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Emirates NBD to take over troubled Dubai Bank
ENBD may have taken over bank for nil, says analyst. The Dubai Government rescued and took control of Dubai Bank in May; Sheikh Ahmed was named ENBD chairman in June
October 11, 2011 10:18 by Reuters
Dubai’s government, which also holds a 55.6 percent stake in Emirates NBD, has been working to support state-linked institutions saddled with bad debts since the burst of the global asset bubble hit the Gulf emirate two years ago.
“(The) Dubai Government is keen to take the necessary steps to empower financial institutions to fully operate in a way that serves the national economy and consolidate the country’s position as a first class international financial hub,” the government’s media office said in a statement.
Emirates NBD executives told a conference call that the takeover was fully supported by Dubai’s government, paid at “fair value” and would not affect profits.
“Dubai Bank will be capitalised by ENBD to the extent considered necessary,” Chief Executive Rick Pudner told reporters, but did not offer specific financial details. “This will have negligible impact on the group’s overall capital ratio.”
Emirates NBD shares, which had risen 37 percent so far this year, gave up early gains and were down 1.6 percent at 1136 GMT on concern that it would inherit Dubai Bank’s problem assets.
Dubai Bank had been under scrutiny well before Europe’s latest wave of sovereign and banking debt troubles flared up again this year.
“There will be some concern about Dubai Bank’s liabilities, but we hope these have been handled by the Dubai government already,” said Mohammed Ali Yasin, chief investment officer at CAPM Investment in Abu Dhabi.
“I think longer term it is better for the reputation of the banking sector in,” Yasin said.
Dubai Bank and Emirates NBD, as well as other key financial and real estate institutions, are controlled through direct or indirect stakes held by Dubai Bank was owned by the private holding company of the ruler of Dubai and taken over by the government in May.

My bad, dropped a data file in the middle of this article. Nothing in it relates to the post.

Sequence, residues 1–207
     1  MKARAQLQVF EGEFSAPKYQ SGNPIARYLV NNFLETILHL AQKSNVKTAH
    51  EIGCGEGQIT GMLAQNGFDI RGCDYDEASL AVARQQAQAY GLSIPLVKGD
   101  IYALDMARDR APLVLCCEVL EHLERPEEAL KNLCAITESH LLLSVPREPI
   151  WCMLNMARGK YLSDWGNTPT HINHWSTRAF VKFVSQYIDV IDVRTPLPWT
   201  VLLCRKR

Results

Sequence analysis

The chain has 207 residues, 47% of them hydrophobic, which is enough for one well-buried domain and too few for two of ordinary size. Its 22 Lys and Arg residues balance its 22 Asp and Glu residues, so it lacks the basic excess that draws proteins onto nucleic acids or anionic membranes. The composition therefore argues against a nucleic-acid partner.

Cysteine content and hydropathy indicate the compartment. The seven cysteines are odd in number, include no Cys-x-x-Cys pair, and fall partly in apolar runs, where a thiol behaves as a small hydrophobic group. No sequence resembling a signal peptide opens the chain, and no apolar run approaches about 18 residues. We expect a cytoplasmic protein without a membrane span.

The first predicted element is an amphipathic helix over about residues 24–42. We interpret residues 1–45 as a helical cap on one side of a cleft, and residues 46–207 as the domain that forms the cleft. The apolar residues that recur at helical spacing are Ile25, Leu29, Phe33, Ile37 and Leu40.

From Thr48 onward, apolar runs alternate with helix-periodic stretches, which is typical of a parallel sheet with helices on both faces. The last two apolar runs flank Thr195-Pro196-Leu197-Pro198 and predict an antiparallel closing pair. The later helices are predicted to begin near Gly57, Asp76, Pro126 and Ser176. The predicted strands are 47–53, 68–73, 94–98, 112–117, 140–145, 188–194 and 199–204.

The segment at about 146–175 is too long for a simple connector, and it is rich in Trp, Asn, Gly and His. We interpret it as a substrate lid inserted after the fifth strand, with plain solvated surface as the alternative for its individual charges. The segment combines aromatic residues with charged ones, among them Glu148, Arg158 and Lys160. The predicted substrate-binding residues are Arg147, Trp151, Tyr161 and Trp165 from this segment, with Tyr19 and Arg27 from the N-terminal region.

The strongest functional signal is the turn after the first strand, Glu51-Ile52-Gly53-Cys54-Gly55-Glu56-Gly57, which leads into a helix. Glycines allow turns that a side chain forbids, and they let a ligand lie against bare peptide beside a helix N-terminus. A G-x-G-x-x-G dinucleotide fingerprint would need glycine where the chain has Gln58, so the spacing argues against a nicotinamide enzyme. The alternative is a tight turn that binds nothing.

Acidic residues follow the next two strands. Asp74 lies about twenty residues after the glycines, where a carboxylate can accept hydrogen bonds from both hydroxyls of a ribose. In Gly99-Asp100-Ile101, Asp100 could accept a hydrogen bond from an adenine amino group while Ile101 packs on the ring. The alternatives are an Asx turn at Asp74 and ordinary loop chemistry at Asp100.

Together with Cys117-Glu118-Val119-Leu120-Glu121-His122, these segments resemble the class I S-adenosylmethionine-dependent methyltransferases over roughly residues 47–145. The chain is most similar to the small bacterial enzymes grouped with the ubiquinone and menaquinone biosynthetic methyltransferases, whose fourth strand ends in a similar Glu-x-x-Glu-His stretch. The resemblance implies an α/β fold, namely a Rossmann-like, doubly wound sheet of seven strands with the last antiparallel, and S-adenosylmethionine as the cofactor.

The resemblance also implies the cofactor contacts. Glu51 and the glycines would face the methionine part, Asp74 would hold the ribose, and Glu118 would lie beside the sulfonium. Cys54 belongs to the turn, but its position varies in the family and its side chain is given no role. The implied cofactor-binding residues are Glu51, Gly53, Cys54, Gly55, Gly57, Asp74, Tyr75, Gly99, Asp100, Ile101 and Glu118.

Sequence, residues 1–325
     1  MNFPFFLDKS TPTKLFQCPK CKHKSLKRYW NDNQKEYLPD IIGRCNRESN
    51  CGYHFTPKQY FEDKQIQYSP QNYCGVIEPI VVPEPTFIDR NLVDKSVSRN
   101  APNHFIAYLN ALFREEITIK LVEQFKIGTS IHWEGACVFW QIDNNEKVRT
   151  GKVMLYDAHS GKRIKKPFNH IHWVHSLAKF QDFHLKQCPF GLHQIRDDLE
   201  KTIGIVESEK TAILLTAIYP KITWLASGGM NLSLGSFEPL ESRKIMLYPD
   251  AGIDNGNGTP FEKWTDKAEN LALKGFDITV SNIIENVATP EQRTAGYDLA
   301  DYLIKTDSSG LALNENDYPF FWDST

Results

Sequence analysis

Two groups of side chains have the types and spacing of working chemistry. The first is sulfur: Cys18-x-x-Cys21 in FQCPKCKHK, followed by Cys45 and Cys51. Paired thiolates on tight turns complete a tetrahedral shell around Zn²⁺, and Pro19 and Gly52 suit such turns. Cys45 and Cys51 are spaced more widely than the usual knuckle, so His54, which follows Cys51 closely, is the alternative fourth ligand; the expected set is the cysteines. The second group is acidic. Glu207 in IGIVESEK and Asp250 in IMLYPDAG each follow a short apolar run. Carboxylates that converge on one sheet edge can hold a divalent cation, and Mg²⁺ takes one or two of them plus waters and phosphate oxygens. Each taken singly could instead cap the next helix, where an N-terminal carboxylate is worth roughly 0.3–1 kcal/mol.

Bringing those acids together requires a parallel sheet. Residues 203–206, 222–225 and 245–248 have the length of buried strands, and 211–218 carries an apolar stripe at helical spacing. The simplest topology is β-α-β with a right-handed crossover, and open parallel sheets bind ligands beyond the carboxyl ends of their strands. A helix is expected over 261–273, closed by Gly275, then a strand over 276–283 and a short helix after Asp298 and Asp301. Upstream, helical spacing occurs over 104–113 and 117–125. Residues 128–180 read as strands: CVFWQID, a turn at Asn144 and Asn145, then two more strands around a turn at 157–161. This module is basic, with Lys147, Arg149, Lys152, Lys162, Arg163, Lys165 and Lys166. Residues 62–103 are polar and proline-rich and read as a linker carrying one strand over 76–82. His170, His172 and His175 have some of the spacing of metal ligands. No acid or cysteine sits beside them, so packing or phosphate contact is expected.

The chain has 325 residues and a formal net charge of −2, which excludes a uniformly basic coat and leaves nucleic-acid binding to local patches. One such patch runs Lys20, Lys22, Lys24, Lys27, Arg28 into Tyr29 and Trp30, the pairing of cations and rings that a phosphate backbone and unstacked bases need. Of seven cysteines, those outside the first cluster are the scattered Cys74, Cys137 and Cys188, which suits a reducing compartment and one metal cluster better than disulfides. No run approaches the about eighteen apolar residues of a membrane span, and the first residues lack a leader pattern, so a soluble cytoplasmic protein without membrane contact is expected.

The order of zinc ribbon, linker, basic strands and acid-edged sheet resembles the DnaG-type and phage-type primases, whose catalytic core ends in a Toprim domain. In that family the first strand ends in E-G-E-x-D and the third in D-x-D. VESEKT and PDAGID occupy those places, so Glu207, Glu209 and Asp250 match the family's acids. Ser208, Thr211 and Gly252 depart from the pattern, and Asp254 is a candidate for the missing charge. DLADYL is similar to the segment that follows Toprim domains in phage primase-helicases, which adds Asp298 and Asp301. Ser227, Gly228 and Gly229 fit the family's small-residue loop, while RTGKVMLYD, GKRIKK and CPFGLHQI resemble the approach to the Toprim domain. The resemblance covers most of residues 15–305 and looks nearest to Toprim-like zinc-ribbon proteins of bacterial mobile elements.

When the emirate took control of Dubai Bank it injected an unspecified amount of capital and said its takeover would protect depositors’ interests. Customers deposits stood at 14.9 billion UAE dirhams ($4 billion) at the end of 2009.
The bank may need up to 2 billion dirhams in fresh capital to have a “clean balance sheet”, Barclays Capital said.
Dubai Bank has not reported figures since 2009, when it had total assets of 17.4 billion dirhams against total liabilities of 15.7 billion dirhams. It made a 2009 loss of 290.6 million dirhams.
“We expect ENBD to acquire the bank for nil, as the government nationalized the bank and diluted its shareholders,” analyst Jaap Meijer of HC-Securities said in a research note.
ENBD has its own Islamic operations through its affiliate Emirates Islamic Bank (EIB).
Analysts have long been calling for fewer banks in UAE, where 23 local and 28 foreign lenders compete for the business of just 5 million people.
But strict ownership restrictions, stark valuation disparities and an unwillingness to lose control have stymied tie-ups other than those forced by the state.
“This comes in line with Dubai government efforts to enhance the banking sector in the emirate,” the government’s media office said in a statement. Dubai already has stakes in six commercial banks in the UAE, including Emirates NBD.
Emirates NBD itself was created in 2007 by the merger of two local banks ordered by Dubai’s ruler and had total assets of 300.3 billion dirhams and total liabilities of 266.3 billion dirhams as of March 31, according to Reuters data.
Dubai Bank was previously wholly owned by Dubai Banking Group, which itself is 70 percent-owned by Dubai Holding, the investment group owned by Dubai’s ruler, Sheikh Mohammed bin Rashid al-Maktoum.
The remaining 30 percent of Dubai Bank was owned by developer Emaar Properties , which took a writedown of 172 million dirhams on the investment in May.
Dubai’s ruler named his uncle and close adviser Sheikh Ahmed bin Saeed al-Maktoum as chairman of Emirates NBD in June. A week ago he said local banks in Dubai had enough liquidity to weather a global downturn.
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